What you need to know:
The Massachusetts Supreme Judicial Court recently held that a former employee who claimed that he was fired because his employer did not want to pay for his disabled wife’s healthcare coverage could sue the employer for “associational discrimination” in a cause of action based on Massachusetts state law.
What you need to do:
Employers should exercise care when considering whether to terminate an employee with a disabled family member. This is particularly true when the employee’s family member is insured under the employer’s health insurance plan.
Background: Flagg v. AliMed
Marc Flagg worked for AliMed, a medical supply company and received family medical insurance through AliMed’s healthcare plan. Late in 2007, his wife underwent surgery to remove a brain tumor. While she received rehabilitative care, Flagg would sometimes leave work early in order to pick his daughter up from school.
AliMed fired Flagg after concluding that he had failed to “punch out” on certain days when picking up his daughter, and was therefore being paid for hours he did not actually work. Flagg filed suit, claiming that he was really terminated because his wife had a serious and expensive medical condition for which the company was financially responsible through its health insurance plan. He contended that the company had therefore violated Massachusetts’ statute prohibiting discrimination against an employee on the basis of a disability.
A Massachusetts Superior Court dismissed Flagg’s claim, holding that Massachusetts law does not recognize claims for employment discrimination based solely on an employee’s relationship with a disabled person. This decision was then appealed to the Massachusetts Supreme Judicial Court.
The Supreme Judicial Court reversed the Superior Court’s dismissal of Flagg’s claim, holding that the Massachusetts employment discrimination law can support a claim for “associational discrimination” when an employee, while not a member of a protected class, is nonetheless the victim of discrimination because of the employee’s relationship with a protected individual.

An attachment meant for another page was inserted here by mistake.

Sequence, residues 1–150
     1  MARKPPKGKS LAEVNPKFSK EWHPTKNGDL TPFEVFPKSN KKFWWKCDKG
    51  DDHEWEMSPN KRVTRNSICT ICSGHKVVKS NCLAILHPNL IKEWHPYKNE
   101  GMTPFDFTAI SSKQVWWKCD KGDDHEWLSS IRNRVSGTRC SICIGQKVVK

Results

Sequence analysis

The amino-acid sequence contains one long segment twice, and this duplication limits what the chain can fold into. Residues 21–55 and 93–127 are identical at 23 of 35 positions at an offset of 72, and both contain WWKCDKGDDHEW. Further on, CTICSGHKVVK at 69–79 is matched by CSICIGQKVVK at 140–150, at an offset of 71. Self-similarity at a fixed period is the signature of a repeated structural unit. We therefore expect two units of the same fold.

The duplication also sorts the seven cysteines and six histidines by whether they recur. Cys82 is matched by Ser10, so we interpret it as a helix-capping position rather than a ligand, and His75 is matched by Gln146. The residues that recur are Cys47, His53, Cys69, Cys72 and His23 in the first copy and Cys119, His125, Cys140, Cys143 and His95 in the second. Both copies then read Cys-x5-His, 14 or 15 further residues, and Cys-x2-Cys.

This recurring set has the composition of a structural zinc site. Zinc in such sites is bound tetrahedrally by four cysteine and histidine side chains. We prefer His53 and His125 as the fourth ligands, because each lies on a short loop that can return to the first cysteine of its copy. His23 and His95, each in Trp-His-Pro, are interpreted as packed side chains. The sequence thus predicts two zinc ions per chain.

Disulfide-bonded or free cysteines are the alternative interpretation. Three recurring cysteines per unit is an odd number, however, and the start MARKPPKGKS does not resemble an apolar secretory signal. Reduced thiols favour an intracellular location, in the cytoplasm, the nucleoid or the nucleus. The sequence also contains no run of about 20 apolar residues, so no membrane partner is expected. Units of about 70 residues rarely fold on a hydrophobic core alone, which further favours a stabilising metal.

The majority decision centered on a broad reading of Chapter 151B, the Massachusetts law regulating employment discrimination. The majority held that a liberal interpretation of the statute was warranted by the law’s “expansive, categorical prohibition against discrimination based on handicap in the workplace generally.” The Court therefore held that Flagg had properly stated a claim by alleging that he experienced an adverse employment action based on his wife’s disability.
What This Decision Means for Employers
The full reach of the Court’s decision is not entirely clear. The Court did emphasize that its decision was based on the specific facts before it—which involved an immediate family member of an employee—and expressly declined to examine what it described as “more attenuated associations.” Importantly, a concurring opinion also sought to emphasize that the Court was not stating that an employer must provide an employee with reasonable accommodations in order to care for a disabled family member. Until the Court has the opportunity to clarify the breadth of its decision, however, these issues will remain unsettled.
Flagg v. AliMed represents an expansion of rights for employees under Massachusetts law, though the parameters of that expansion have yet to be fully defined. It is likely that subsequent case law will resolve the ambiguities inherent in Flagg in the coming years. In the meantime, employers should work closely with their employment counsel to formulate policies and make employment decisions that fully comply with current Massachusetts law.